Andrew Fuller (6 February 1754 – 7 May 1815) was an English Particular Baptist minister and theologian. In his funeral sermon John Ryland jr. described him as the perhaps the most judicious and able theological writer that ever belonged to our (Calvinistic Baptist; PdV) denomination. Charles Haddon Spurgeon acknowledged that he was greatly helped by the writings of Fuller to articulate both the sovereignty of God and the free offer of the gospel. He considered him as the greatest theologian of the nineteenth century.
Together with William Carey, the pioneer of the modern mission movement, and John Ryland jr. Andrew Fuller belonged to a circle of Particular Baptist ministers in England who very greatly influenced by the great American theologian Jonathan Edwards. In the 18th century most the Particular Baptists were more or less hyper-Calvinistic in the orientation of their theology. They confessed that salvation is by grace, sovereign grace alone, but thought that because of that you could not say that faith and repentance may and must be preached as duties to unbelievers. The offer and invitations of grace to unbelievers were not or very veiled heard in their preaching.
By reading the works of Jonathan Edwards came to understand that the inability of man has a moral nature. Unbelief must be preached as guilt. In 1785 he published The Gospel Worthy of All Acceptation. Together with the understanding the offer of the gospel comes to all its hearers Fuller and his spiritual brothers got a mind for mission. William Carey went out to India and Fuller became the first secretary of the Baptist Missionary Society.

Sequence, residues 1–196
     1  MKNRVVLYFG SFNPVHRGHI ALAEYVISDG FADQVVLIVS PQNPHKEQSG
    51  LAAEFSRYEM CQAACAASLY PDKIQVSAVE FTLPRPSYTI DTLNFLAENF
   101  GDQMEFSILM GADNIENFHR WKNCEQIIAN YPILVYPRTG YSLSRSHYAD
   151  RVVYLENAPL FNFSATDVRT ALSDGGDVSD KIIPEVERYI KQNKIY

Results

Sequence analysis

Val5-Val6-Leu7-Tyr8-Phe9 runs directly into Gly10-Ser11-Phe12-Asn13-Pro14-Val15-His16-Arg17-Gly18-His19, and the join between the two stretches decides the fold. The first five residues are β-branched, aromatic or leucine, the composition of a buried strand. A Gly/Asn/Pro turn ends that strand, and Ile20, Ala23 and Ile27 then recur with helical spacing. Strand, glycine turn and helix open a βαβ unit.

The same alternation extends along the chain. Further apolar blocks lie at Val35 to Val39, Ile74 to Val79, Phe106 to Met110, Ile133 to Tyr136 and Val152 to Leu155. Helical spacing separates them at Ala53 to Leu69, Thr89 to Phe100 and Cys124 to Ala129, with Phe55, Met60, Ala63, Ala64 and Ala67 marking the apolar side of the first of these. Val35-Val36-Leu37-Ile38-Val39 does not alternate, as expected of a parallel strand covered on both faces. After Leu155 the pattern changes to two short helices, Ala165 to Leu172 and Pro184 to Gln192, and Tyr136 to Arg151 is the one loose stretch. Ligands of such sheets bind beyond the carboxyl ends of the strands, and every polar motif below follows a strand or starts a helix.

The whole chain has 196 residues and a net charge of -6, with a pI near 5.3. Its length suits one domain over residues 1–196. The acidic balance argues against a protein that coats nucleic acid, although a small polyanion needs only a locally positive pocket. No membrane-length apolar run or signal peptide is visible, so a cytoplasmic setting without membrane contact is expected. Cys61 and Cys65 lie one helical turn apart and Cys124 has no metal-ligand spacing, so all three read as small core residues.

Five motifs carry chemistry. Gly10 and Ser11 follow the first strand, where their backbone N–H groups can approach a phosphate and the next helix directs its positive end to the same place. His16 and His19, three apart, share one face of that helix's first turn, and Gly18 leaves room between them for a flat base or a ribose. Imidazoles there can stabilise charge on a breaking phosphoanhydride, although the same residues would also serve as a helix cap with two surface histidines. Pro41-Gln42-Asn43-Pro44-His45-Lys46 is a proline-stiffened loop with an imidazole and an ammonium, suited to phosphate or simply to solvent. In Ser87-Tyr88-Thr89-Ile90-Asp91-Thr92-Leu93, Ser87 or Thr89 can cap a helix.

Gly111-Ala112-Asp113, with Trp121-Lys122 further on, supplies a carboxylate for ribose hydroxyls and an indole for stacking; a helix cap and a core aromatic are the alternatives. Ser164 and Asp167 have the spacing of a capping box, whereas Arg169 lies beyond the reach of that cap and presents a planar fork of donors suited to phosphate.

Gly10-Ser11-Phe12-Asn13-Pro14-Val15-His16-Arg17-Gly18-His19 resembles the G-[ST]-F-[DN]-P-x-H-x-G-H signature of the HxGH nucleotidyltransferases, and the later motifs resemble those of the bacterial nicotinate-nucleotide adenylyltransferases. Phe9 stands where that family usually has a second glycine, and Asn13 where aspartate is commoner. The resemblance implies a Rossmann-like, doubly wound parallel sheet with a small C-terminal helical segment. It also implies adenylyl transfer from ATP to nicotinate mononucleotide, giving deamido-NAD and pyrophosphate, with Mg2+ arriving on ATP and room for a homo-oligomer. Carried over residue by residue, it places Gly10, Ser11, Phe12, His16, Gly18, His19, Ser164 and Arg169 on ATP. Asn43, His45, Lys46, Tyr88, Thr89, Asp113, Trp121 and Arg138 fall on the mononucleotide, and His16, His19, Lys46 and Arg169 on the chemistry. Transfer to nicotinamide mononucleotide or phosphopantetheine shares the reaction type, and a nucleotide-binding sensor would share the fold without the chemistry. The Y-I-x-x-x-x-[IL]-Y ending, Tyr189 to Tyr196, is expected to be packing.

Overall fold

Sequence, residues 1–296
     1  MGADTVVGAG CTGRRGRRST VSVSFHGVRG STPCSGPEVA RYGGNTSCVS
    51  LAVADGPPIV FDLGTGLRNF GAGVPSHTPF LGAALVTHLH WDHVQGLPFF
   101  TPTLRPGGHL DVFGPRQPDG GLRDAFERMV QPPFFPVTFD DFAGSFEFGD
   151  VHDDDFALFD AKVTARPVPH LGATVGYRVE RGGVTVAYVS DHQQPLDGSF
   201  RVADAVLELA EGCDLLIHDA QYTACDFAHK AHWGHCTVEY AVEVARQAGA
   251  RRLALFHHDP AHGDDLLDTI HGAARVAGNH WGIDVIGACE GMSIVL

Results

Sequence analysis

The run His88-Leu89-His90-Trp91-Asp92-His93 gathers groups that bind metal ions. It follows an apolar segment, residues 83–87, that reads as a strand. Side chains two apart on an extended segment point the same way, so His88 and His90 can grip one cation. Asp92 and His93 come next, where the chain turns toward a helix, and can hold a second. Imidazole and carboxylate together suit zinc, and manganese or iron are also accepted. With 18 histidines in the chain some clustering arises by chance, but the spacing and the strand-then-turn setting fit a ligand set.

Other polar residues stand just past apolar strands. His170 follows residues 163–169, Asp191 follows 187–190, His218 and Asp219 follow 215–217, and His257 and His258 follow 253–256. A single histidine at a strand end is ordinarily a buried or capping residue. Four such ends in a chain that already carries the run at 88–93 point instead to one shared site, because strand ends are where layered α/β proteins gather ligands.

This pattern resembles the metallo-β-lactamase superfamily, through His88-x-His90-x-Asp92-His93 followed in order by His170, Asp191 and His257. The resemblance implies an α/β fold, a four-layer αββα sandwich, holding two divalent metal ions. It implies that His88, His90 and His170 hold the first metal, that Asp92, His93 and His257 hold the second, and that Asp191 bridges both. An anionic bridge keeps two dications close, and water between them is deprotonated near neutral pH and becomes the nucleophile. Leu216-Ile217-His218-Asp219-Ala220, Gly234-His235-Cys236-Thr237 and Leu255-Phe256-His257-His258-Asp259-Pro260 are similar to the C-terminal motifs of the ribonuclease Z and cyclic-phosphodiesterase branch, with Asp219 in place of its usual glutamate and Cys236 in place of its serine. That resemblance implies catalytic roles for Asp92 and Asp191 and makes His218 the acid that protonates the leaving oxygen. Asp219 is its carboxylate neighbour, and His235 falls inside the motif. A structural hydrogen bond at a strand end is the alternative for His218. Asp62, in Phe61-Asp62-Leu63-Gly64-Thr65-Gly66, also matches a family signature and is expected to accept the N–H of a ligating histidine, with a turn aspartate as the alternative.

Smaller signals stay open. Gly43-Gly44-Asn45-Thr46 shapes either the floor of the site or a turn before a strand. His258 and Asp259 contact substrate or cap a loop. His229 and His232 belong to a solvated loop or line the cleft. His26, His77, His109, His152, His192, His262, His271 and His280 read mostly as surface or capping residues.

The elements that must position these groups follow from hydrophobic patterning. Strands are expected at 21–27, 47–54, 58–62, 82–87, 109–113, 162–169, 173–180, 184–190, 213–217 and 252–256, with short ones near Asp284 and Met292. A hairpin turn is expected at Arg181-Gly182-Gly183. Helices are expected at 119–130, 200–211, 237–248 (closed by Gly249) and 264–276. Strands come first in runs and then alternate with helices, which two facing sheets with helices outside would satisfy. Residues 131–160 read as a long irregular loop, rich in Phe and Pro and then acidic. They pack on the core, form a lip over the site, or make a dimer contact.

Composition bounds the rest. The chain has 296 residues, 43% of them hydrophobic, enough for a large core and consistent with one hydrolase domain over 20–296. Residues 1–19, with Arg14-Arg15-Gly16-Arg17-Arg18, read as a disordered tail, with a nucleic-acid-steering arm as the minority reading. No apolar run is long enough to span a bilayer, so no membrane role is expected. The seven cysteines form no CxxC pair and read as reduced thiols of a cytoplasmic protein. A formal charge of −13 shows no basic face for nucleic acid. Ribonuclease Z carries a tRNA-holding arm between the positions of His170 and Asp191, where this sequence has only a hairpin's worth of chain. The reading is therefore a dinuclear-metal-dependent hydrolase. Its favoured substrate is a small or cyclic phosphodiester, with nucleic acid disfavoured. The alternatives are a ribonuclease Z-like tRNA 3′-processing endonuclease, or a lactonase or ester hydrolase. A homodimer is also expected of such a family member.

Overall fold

Besides the battle with hyper-Calvinism, or as Fuller himself called it high Calvinism, he warned against what has been called Sandemanianism. Sandemaninanism has got its name from the Scottish congregationalist preacher Robert Sandeman (1718-1771). He taught that justifying faith is just the passive’s mind persuasion that the gospel is true. Sandeman wanted in his own way to protect the doctrine of justification by faith alone, but he did not see that we need the regenerating work of the Hoy Spirit to act faith and stripped faith of its experiential element. It became a pure intellectual faith devoid of all emotions. Fuller emphasized that a living faith is a faith that lives in the heart. It means that the sinner comes to Christ, flees to Christ and seeks refuge in Christ. He feared the deadening influence of Sandemanianism for spiritual life.
John Piper, founder and teacher of desiring God and for more than thirty years pastor of Bethlehem Baptist Church in Minneapolis, wrote a helpful booklet on Fuller. He highlights the vital link between doctrinal faithfulness and a healthy spiritual life pointing especially to love for world mission. Piper rightly states that we can learn from Fuller’s life that the exegetical and doctrinal defense of true justifying faith and true gospel preaching is not a hinder but an advance for the cause of gospel.
Piper also points to the remarkable fact his extraordinary suffering (he lost his first wife and eight children) did not hinder him to work abundantly in the vineyard of the Lord. It makes his faithful perseverance more astonishing. Piper finishes his booklet on Piper with an exhortation to all Christians and especially to pastors to devote themselves to experiencing Christ in the gospel biblically and authentically. Fuller is here a helpful model for us.
John Piper, Andrew Fuller: Holy Faith, Worthy Gospel, World Mission, Foreword by Michael A.G. Haykin (Wheaton: Crossway Books, 2016), paperback 64 pp., $8,99 (ISBN 9781433551895)